“For example, offering ad-based tiers in the form of a ‘try-before-you-buy’ experience encourages quicker user acquisition and improved conversion to paid subscription with premium content offerings.”

Another reason why hybrid business models like Astro’s have gained prominence in recent years is because they offer a financially sustainable monetisation model in which everyone in the value chain benefits, Sanches explained.

“Consumers can enjoy a wider variety of content on their terms, meanwhile advertisers can pay for targeted ad inventory across platforms,” he said. “Ultimately, media companies are empowered to leverage the true value of their content to generate more revenue – it is a win-win situation for all.”

In the long run, multi-revenue stream models will not only gain relevance, but are likely to offer new opportunities beyond traditional monetisation approaches, including in-app e-commerce, Sanches predicted.

Delivering content from the cloud

sooka was created as a standalone streaming service offering to capture Malaysia’s digital and mobile-first millennials with a unique value proposition in the face of an increasingly crowded OTT space, according to Euan Smith, CEO of Pay-TV and Group COO at Astro.

The flexibility of Kaltura’s Cloud TV Platform, which is hosted on Amazon Web Services (AWS), is also allowing Astro to quickly adapt to viewer preferences and engagement models, he added.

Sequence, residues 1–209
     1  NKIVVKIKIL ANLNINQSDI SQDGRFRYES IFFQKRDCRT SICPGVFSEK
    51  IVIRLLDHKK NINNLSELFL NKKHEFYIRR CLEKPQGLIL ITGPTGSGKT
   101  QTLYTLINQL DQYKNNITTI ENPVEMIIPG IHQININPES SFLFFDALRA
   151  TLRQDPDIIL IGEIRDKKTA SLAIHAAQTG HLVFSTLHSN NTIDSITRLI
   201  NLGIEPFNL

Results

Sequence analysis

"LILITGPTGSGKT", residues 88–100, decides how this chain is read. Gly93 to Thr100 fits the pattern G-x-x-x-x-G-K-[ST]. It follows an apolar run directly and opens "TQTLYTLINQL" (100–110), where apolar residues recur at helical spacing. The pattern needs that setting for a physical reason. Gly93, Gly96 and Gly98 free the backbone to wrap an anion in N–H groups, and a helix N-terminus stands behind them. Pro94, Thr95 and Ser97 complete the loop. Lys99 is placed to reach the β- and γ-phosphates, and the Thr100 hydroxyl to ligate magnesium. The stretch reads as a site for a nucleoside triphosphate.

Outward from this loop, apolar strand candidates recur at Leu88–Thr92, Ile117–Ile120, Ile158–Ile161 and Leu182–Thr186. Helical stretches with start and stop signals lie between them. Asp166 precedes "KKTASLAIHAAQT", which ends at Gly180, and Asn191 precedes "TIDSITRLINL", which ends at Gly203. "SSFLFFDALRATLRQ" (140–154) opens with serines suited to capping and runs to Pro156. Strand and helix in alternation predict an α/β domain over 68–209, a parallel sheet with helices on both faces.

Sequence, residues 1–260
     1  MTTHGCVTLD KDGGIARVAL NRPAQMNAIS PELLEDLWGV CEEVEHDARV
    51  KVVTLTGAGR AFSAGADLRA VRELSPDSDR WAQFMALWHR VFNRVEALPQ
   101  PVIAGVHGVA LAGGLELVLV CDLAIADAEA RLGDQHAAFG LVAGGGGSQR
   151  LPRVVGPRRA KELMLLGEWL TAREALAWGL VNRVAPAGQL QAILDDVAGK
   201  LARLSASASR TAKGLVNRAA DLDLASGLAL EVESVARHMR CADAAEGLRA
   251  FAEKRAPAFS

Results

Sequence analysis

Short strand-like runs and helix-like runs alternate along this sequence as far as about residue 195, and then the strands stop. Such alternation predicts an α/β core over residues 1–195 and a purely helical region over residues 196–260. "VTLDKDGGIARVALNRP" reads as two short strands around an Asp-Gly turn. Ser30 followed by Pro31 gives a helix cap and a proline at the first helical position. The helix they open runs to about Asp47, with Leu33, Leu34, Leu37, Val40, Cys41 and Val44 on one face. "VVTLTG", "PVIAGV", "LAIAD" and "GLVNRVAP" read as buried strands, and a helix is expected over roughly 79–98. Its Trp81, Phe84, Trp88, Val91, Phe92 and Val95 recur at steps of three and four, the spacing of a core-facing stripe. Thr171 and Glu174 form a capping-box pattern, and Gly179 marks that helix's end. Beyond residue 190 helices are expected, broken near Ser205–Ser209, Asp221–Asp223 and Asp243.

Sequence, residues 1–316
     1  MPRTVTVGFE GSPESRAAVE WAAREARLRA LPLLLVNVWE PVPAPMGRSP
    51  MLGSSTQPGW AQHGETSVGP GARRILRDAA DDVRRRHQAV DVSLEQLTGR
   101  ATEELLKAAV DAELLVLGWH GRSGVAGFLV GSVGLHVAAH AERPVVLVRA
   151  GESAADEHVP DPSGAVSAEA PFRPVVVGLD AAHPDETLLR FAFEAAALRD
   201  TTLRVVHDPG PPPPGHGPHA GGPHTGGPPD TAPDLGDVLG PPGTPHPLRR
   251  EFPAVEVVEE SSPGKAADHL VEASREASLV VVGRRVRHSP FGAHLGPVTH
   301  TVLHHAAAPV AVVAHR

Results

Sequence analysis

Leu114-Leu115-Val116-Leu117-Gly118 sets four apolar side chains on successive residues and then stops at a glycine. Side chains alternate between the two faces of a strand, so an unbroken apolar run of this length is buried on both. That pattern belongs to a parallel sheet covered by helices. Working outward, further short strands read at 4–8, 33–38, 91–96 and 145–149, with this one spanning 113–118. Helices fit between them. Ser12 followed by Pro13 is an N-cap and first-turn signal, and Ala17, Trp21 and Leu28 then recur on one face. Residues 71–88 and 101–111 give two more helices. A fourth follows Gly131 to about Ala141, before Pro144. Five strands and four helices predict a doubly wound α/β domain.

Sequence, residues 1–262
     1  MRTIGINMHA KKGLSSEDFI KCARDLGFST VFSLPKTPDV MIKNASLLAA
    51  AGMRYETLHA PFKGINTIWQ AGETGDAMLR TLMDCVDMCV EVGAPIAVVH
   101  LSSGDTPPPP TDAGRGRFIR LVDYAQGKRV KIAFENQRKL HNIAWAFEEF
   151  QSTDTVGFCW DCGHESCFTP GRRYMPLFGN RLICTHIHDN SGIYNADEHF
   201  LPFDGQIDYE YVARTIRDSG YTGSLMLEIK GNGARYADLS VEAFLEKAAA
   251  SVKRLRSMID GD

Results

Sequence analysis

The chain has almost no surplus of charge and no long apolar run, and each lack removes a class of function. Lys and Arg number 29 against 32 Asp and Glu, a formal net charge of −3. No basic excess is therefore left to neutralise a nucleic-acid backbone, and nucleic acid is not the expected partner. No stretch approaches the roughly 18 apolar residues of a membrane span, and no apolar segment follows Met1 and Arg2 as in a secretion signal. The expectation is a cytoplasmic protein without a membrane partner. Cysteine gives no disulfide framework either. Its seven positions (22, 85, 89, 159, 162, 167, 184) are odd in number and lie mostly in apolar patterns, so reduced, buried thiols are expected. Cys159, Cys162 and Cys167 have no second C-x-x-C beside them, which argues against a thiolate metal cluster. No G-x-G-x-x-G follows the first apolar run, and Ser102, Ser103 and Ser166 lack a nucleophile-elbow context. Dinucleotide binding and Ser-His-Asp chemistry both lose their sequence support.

At a time when consumers are spoiled with a seemingly inexhaustible number of choices to view content, any advantage that can be gained should not be overlooked. Perhaps unsurprisingly, technology is a key enabler that many operators are looking to take advantage of.

TV service providers are primarily moving to cloud-based platforms to enhance discoverability and to broaden their audiences, said Sanches. To compete with global streaming giants in terms of feature breadth, quality standards and user experience, it is imperative that streaming services look for a proven technology partner.

Sanches explained, “They need a partner that makes launching, operating, and managing their Cloud TV service an easy process by providing a set of tools that helps the service to compete in the same playing field as seasoned media companies with far greater resources.”

At Kaltura, the top priority is to deliver to customers a flexible and reliable technology architecture that is adaptable and can incorporate new requirements easily. Fast time-to-market for new services and features, with broadcast-grade service availability in the cloud, are essential, Sanches identified.

“Innovation must be constant in streaming, and our role at Kaltura will always be to embrace it to deliver the high-quality service that viewers have come to expect.

“By doing so, we can offer our customers high-quality, engaging viewing experiences that stand out and develop as viewing habits evolve, as their user base grows, and/or as their business needs change,” he concluded.

Question: Will multi-revenue stream models such as Astro’s hybrid AVoD-SVoD strategy be the way forward for TV service providers to capture mobile-first millennials in the Asia-Pacific region?

If other opportunities beyond traditional monetisation approaches come to your mind, please share them with our APB+ readers by sending them to maven@editecintl.com.